Wednesday, January 25, 2012


I am so excited to see the American paintings galleries at the Met are finally open to the public again, as of January 16th.  They are a wonderful complement to the American Wing with its period rooms and furniture galleries (of course my true love at the Met).  My only sadness is that it will likely be a while before I can make it to NY to view the galleries.  When I studied at Sotheby's, many an hour were spent in the galleries before the renovation, and they were certainly in need of a facelift.  My wonderful ex program director and professor Carrie Rebora Barratt is doing the rounds promoting the new galleries, even making an appearance on the Colbert Report on Jan 19th - check out the clip here.  I think she held her own quite well.  Sigh, her discussion of Washington Crossing the Delaware sure did make me miss my school days!

A few of my favorites in the galleries:

Madame X by Sargent, 1883-4 (one of my all time favorites ever):

Approaching Thunderstorm by Heade, 1859:

The Hatch Family by Johnson, 1870-1:

Daniel Crommelin Verplank, Copley, 1771:

Cremorne Gardens, Whistler, 1870-80:

I could go on for hours!  Anyone in NY please go and enjoy!

Wednesday, January 18, 2012


I love the ever increasing interest in Steampunk and Dark Nostalgia styles within the world of interiors.  If you are not familiar with these trends (you probably are even if you do not know the terms), well, that is a blog for another day...coming soon (but think updated Victorian, mixed with technology and a rough industrial element...the film equivalent would be the latest iteration of Sherlock Homes starring Robert Downey Jr.). 

One supplier I particularly like that embraces these styles, is Hudson Goods.  They embrace the industrial, the unique and the oddly Victorian. 

They are based on the East Coast but ship everywhere.  And so far, all the product I have spec'd for clients has been great.  Some of my favorite pieces which I have yet to use, are:

Essentially all their lighting, of which some similar versions have been popping up at Restoration Hardware lately (another huge proponent of the Steampunk and Dark Nostalgia):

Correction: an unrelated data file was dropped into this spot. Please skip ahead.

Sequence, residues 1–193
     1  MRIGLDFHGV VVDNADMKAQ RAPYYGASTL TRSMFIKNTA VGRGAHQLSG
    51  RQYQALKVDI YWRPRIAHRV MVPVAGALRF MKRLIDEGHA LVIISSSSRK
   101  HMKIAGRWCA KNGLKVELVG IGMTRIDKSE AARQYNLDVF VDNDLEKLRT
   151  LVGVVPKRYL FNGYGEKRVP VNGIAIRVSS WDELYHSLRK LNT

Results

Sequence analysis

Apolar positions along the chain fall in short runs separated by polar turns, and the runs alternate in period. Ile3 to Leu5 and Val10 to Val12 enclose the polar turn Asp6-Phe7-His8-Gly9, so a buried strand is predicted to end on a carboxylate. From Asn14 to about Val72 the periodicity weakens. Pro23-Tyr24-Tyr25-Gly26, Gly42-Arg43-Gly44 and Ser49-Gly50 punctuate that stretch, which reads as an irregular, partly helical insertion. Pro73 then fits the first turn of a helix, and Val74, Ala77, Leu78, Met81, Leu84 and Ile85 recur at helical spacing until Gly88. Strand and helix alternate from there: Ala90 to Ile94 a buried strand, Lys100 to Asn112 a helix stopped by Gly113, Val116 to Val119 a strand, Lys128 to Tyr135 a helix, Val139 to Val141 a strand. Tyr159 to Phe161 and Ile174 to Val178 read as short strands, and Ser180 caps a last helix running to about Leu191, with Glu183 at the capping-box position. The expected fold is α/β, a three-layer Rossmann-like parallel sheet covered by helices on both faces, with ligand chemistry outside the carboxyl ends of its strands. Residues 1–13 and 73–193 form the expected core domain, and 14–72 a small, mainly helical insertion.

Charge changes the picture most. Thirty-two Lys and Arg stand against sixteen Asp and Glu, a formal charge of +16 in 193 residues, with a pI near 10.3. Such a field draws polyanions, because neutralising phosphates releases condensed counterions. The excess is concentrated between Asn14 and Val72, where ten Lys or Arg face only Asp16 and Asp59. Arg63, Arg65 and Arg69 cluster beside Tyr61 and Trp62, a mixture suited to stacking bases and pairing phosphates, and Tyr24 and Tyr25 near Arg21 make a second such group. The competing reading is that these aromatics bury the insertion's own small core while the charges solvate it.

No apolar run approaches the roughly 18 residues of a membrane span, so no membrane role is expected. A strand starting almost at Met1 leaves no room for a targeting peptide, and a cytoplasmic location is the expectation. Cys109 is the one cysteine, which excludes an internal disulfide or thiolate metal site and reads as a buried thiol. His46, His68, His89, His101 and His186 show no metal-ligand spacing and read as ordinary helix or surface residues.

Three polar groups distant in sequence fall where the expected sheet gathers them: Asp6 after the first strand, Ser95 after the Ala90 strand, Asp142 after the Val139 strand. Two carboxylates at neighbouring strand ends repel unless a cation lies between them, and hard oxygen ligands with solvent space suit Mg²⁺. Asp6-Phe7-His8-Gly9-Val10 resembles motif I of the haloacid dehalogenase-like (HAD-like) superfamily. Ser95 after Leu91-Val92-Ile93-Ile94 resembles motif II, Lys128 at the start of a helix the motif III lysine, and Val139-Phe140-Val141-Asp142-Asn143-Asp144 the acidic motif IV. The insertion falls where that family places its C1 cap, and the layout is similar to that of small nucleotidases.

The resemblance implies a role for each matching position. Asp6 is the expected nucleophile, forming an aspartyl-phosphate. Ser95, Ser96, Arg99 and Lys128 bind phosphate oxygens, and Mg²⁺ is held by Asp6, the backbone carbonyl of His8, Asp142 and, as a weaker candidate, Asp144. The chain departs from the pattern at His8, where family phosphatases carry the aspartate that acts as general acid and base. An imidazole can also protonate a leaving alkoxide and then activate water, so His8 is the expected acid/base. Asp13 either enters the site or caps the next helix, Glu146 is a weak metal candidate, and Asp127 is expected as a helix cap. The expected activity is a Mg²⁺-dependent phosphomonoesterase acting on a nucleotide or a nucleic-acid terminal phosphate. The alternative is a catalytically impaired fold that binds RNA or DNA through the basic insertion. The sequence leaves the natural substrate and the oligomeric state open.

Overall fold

The Industrial Bottle Lights for $35-$450 each:

The Industial Cage Lights for $250 each:

And the Vintage Tripod Lamp for $85:

And my favorite which they do not seem to be selling despite the fact it is on their home page....the awesome bowler hat pendant which I totally want in my house:

Some furniture I am hoping to use sometime soon, this very cool dining table:

 Any number of their console tables and cabinets:

And I love these recycled burlap pillows (wouldn't these be great in a rustic Park City home?):

Check out their website and all additional products here.

Thursday, January 12, 2012


I had the opportunity to work on a kitchen renovation last year, and it turned out it was an ideal project to create an eclectic, unique look with the cabinetry.  It has become more popular in recent years to stray from the typical matching cabinetry throughout a kitchen.  Using different finishes and colors can create a wonderfully fresh look in a kitchen, and can be very effective in older homes that embrace different styles and have been renovated over various decades.

These clients needed to maintain one wall of cabinetry from their original kitchen, which meant either trying to match the old cabinetry- something that is nearly impossible to do, or to go eclectic.  We chose to add white and red cabinet blocks in the kitchen, being mindful of giving some overall connection and relationship between the 3 elements in the space with backsplash tile, countertops, crown molding etc.  I love the way it turned out.

Wednesday, January 4, 2012


I suppose since I went on and on about how great the Clift by Starck was a few weeks ago, I should also give you a peak at where I actually stayed in San Francisco, a hotel I would have blogged about first if I hadn't been staying just a few feet away from a Starck hotel. 

The Hotel Monaco is a Kimpton Hotel.  Bill Kimpton is a man I have much respect for...almost as much as Starck (actually I don't really think respect is the correct word to use for how I feel about Starck, a man that regularly poses without a shirt on to advertise his furniture).  Anyway, Kimpton pretty much invented the 'boutique' hotel as we know it today.  The W and such hotels would likely not exist without Kimpton, well, at least not as we know boutique hotels...although Ian Schrager was only a few months behind Kimpton with the whole idea and may well have come up with it on his own.  But Kimpton was first, and gets his dues.  His whole premise for the boutique hotel was to create a great design, dining and bar experience with 'rooms on top'.    The whole point was not the room but the experience of being in fabulous spaces where the locals actually wanted to come and hang out.  So he created the first boutique hotel in San Francisco in 1982, and the whole idea took off instantly.  Some years later he created a boutique hotel chain- the Hotel Monaco- with locations in many cities across the country.  Many have followed in his footsteps. 

So, while not quite a Starck hotel, I was also excited to stay in one of the original boutique hotels located in the city that gave birth to the idea. 

And it lived up to expectations, with great lobby areas with a definate nod to the late great hotel designer Dorothy Draper (in my opinion- bold colors and oversized neoclassical and baroque elements):

A very cool resturant and bar:

And of course very tiny rooms.